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The History Of Sir Charles Grandison Bart
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"The History of Sir Charles Grandison, Bart."

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message 1: by Sean (last edited May 05, 2014 09:32PM) (new) - added it

Sean Sharp (sharp01) | 37 comments I have been reading Samuel Richardson's epistolary novel "Sir Charles Grandison," published 1753-54, and the favorite novel of Jane Austen. I'm almost up to the half-way mark with this book, so I thought I'd share some thoughts with all of you.

Austen learned her own style of domestic social comedy of manners from this novel, which she had practically memorized, its characters "were as well remembered as if they had been living friends" (James Edward Austen-Leigh, Memoir of Jane Austen (1871)).

Here's what Henry Austen wrote about his sister and "Sir Charles Grandison," in the "Biographical Notice" he wrote for the first publications of "Northanger Abbey" and "Persuasion":

"It is difficult to say at what age she was not intimately acquainted with the merits and defects of the best essays and novels in the English language. Richardson's power of creating, and preserving the consistency of his characters, as particularly exemplified in "Sir Charles Grandison," gratified the natural discrimation of her mind, whilst her taste secured her from the errors of his prolix style and tedious narrative."

Just so you won't need to read the darn book (1600 pages long), here is a description and appreciation of it, with illustrations (1778) by Isaac Taylor:

http://freepages.family.rootsweb.ance...

Jane Austen allegedly wrote a five-act play based on "Sir Charles Grandison," to be performed by her family and friends. The exact date of the play's composition is difficult to determine, but modern scholars tend to consider it as part of Austen's juvenilia. The authorship of this play is controversial, since the Austen family always claimed it was written by Anna Austen, Jane Austen's niece, and was transcribed by her aunt--the manuscript, which survives, is in Jane Austen's hand. Modern scholarship tends to favor Jane Austen's authorship of the play. The play, which is no masterpiece and is certain to be a disappointment to those who know the great Austen novels, is basically a summary of key scenes from Richardson's novel, with the occasional witty line thrown in--the best lines are those taken from or inspired by Richardson.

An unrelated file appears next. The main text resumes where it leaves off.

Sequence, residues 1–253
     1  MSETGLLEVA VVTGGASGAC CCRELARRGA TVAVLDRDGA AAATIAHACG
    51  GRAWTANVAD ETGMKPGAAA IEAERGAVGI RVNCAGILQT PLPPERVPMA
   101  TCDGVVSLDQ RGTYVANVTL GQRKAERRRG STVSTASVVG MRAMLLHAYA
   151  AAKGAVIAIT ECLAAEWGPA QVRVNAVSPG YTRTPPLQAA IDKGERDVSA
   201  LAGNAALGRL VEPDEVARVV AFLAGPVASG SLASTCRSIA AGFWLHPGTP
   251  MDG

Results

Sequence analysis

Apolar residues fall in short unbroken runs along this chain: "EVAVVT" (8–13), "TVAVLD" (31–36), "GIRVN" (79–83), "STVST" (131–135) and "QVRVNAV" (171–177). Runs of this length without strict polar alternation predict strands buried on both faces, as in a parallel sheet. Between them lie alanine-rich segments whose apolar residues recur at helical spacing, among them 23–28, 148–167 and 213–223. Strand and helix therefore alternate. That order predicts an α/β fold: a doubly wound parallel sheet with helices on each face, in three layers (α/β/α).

message 2: by Sean (last edited Apr 27, 2015 09:09AM) (new) - added it

Sean Sharp (sharp01) | 37 comments A couple of months ago, I finally finished reading "Sir Charles Grandison" (1753-54) by Samuel Richardson. I can truly say that I have lived with these characters for the better part of 10 months, off and on--perhaps the only way to get through this lengthy book.

Sir Walter Scott wrote about this novel that "... a venerable old lady, whom we well knew, when in advanced age she became subject to drowsy fits, chose to hear Sir Charles Grandison read to her as she sat in her elbow-chair, in preference to any other work, "because," said she, "should I drop asleep in course of the reading, I am sure when I awake, I shall have lost none of the story, but shall find the party, where I left them, conversing in the cedar-parlour."" That pretty much says it all. There is very little plot in "Sir Charles," which recounts the virtuous exploits and good deeds of its titular hero, all in the form of letters, and comes to over 1600 pages (the original edition was published in seven volumes).

Richardson, after the success of his masterpiece "Clarissa" (1748), had no intention of writing another novel, but he was so disgusted by the success of Henry Fielding's "Tom Jones," whose hero Richardson considered to be morally flawed, that he set out to write a novel that centered on his vision of a good man, a man who would embody all the English, Anglican virtues of the mid-18th century.

To me, the best aspect of "Sir Charles" is the social domestic comedy that Richardson developed in this novel and that was such an influence on Austen. The novel's main comic character is Sir Charles's younger sister Charlotte. Charlotte is outspoken, witty, irreverent--a bit of a brat--but also warmhearted and honest; she is constantly getting in trouble with her brother, who is always reprimanding her. Charlotte is a delight and the book so badly needs her.

Richardson was a master at getting the "voice" of his characters; you would know which character was writing which letter just by the tone of that letter, the incidents described therein aside. This character delineation was something that Austen would take and do even better, even though she rejected the epistolary style early on in her writing.

The main conflict in the plot consists of Sir Charles's divided love between the English Harriet Byron and the Italian (and devoutly Catholic) Lady Clementina della Porretta. Indeed, Lady Clementina is so devoutly Catholic that her love for the Anglican Sir Charles drives her to madness, scenes of which are written by Richardson with full-throttled pathos.

Harriet Byron, who starts the novel promisingly as a sort of Elizabeth Bennett prototype, loses her spirit when she meets Sir Charles--who rescues her from an attempted abduction--and falls in love with him; after that, Harriet becomes one of Sir Charles's many devoted admirers. So, the conflict in the plot is really no conflict, because we know, in the end, that Sir Charles will end up with Harriet.

So am I sorry I read this enormous tome? No, I'm glad I read it. It gave me a greater and detailed insight into the manners and mores of mid-18th century England and insight into what influenced Austen in her writing.

Would I read "Sir Charles" again? Honestly, once was enough for one lifetime.


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